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Alibaba Wins IP Award Signaling Improvements in Counterfeit Errs

Alibaba, once criticized for being one of the largest international facilitators for the selling of counterfeit goods, appears to have turned a corner.

Alibaba’s vice president and head of global IP enforcement, Matthew Bassuir, was given the Luxury Law Summit’s “Luxury Law Innovator in IP Rights and Technology” award in London this Tuesday—a marked victory for the e-commerce platform, which has often been accused of a rampant prevalence of counterfeits on its sites.

The annual Luxury Law Summit, now in its seventh year, brings together more than 300 executives from luxury brands like Gucci, Louis Vuitton, Hermes, Chanel and Prada, along with leaders from luxury organizations like LVMH, Kering and Richemont. According to the group’s website, the event gives attendees the chance to “network and learn with business leaders and leading counsel for the luxury sector,” during a time when the “global rulebook on trading” is going through a state of massive change. The group cites technological innovation along with a shift in the definition of “luxury” as factors impacting the state of “unprecedented instability” in the luxury market.

That instability has also undoubtedly been created by trends in IP theft and counterfeiting. These issues have been a thorn in the side of the luxury industry for years, and are especially prevalent in the digital marketplace. Brands and selling platforms alike have grappled with the issue since the advent of e-commerce, and have begun to do so more deftly over the past few years with the implementation of specialized programs to combat fakes.

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The award comes at an optimal time for the company, which just held its annual Alibaba Anti-Counterfeiting Alliance gathering in Shanghai last week. Launched in 2017, the Alliance brings together 132 brands across 12 industry categories. Prominent members include Louis Vuitton, Honda, Samsung and Mars. This year, Michael Kors, Tommy Hilfiger, Fossil, and Coach have joined up. According to the company’s website, the alliance was created as “a way for Alibaba to work with brands, using the latest anti-counterfeiting technology to protect IP across its platforms.”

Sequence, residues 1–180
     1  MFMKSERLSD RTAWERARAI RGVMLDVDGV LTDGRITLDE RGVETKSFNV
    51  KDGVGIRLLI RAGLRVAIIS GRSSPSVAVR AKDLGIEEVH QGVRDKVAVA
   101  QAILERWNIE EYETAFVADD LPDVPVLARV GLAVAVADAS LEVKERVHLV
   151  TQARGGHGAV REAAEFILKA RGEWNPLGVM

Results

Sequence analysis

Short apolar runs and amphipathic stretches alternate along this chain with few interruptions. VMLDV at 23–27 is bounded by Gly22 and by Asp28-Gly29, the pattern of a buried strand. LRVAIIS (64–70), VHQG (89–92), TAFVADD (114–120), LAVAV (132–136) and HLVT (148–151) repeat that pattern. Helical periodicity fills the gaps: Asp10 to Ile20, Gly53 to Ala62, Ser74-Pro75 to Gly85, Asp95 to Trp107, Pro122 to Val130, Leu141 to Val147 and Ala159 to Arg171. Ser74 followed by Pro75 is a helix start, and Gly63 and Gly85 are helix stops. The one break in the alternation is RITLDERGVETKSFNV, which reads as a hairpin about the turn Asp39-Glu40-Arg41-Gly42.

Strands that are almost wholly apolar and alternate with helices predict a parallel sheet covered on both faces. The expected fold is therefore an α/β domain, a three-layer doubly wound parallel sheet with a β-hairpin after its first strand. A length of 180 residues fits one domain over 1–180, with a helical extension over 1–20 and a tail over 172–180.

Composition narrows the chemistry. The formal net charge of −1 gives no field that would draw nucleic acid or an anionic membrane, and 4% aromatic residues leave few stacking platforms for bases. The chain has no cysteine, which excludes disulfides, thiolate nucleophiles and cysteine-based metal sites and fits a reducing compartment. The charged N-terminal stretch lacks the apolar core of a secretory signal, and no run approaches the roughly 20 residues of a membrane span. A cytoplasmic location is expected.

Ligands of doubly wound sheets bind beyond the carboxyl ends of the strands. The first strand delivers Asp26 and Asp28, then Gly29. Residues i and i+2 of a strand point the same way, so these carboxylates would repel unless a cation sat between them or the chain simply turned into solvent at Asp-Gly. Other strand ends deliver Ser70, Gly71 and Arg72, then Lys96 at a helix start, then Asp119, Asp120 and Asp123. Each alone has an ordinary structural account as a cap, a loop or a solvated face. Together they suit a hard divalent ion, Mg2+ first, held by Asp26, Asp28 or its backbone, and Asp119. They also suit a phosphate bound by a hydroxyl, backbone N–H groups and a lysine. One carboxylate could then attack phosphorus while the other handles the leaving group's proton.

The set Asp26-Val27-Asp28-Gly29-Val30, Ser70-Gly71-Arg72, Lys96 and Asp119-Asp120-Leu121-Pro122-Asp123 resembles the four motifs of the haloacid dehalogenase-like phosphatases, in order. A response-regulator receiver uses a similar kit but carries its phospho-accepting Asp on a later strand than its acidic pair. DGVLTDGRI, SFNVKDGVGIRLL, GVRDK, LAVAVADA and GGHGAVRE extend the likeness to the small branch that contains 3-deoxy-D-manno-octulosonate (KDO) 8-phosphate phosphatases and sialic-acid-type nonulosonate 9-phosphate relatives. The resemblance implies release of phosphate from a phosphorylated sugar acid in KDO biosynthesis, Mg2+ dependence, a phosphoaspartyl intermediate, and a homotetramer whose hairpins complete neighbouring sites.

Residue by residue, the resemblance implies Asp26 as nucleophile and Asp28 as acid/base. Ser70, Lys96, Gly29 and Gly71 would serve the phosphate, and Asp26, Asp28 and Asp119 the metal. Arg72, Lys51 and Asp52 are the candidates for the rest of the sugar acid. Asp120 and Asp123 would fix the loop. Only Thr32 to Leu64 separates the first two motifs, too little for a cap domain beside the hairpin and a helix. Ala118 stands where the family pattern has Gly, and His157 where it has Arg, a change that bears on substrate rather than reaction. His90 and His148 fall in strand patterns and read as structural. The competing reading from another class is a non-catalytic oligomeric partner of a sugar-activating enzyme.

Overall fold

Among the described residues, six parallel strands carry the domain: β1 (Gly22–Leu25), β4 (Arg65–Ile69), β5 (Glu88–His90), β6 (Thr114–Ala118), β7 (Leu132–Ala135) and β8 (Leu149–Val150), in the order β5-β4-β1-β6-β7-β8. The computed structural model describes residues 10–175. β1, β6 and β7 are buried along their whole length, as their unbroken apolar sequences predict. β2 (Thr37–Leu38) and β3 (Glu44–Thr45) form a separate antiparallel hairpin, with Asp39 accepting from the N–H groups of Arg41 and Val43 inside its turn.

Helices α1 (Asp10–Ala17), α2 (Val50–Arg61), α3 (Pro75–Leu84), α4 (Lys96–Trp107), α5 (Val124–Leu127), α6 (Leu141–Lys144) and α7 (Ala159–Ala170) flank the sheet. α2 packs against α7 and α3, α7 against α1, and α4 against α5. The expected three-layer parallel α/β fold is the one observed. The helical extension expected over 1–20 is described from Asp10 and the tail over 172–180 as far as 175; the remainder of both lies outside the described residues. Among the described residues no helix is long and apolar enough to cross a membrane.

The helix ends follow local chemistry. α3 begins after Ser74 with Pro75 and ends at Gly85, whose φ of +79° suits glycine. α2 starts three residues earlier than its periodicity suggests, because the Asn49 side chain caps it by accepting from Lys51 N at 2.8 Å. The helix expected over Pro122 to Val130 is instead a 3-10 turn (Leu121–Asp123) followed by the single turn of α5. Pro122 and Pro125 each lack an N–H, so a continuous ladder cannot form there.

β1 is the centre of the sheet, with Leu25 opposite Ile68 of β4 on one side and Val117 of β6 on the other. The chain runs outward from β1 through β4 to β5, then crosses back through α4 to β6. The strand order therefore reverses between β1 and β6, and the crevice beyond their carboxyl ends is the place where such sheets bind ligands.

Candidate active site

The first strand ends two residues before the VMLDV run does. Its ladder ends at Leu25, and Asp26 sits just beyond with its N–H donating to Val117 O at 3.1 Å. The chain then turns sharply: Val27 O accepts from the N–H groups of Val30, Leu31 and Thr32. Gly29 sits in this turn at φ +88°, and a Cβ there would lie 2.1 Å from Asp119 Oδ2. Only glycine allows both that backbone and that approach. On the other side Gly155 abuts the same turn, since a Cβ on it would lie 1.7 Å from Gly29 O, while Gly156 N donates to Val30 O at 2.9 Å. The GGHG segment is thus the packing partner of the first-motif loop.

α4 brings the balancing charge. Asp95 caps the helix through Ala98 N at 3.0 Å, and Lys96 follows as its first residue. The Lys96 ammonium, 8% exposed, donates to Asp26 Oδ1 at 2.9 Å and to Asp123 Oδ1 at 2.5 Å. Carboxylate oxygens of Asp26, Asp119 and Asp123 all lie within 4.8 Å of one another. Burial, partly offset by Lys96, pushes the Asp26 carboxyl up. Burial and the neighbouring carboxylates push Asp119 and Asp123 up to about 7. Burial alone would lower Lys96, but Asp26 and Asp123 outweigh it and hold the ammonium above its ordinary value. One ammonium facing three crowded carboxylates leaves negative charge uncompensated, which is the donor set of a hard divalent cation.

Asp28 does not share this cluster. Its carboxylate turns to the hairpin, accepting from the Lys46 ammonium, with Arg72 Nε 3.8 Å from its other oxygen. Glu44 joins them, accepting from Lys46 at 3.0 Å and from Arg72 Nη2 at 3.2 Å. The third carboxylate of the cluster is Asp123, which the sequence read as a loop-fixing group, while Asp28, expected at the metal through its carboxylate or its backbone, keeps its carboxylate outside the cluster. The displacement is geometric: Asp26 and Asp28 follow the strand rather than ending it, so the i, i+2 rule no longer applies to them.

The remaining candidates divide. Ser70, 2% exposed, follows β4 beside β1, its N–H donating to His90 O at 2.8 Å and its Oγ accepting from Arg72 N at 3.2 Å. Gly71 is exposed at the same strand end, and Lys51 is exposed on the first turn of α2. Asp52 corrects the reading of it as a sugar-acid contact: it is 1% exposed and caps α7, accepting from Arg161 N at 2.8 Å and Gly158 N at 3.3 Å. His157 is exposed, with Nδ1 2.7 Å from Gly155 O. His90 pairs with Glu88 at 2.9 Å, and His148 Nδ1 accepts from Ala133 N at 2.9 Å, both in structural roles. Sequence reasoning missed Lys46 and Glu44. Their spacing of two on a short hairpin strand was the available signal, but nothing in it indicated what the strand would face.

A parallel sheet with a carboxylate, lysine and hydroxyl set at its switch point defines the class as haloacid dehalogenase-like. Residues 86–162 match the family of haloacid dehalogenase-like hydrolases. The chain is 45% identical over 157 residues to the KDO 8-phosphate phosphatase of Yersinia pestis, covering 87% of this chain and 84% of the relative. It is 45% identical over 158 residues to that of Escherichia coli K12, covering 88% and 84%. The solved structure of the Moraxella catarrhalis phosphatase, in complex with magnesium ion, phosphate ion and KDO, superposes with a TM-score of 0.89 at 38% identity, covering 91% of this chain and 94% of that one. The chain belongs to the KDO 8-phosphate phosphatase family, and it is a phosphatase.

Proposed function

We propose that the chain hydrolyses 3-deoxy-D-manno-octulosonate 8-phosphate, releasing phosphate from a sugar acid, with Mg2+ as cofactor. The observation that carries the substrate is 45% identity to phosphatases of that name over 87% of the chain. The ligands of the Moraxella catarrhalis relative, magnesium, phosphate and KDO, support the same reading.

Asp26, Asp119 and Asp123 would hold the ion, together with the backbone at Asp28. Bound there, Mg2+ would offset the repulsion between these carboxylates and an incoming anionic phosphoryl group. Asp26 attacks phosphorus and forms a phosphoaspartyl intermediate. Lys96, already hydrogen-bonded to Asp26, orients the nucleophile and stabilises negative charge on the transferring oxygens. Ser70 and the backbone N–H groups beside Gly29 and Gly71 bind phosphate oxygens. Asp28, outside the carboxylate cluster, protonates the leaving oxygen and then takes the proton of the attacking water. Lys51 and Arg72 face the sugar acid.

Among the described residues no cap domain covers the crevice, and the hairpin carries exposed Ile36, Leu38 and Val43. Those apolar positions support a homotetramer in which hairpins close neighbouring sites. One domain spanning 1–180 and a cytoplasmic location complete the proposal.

The group’s members work together in six key areas, including “proactive online monitoring and protection, a product test-buy program, offline investigations and enforcement actions, industry-law enforcement workshops, litigation tactics, and public awareness campaigns.”

Alibaba claims that in 2018, the group’s efforts led to the seizure of $536.2 million in counterfeit goods, along with 1,277 suspect arrests. Perhaps most importantly, the group says that 524 manufacturing and distribution locations for fake goods were shuttered permanently.

In his acceptance speech, Bassuir said “through meaningful collaboration and continuous innovation,” Alibaba and its industry counterparts have been able to achieve “great success.” However, he admitted, “there is still much to do. We are all part of the solution and our past accomplishments in IPR protection are just the beginning.”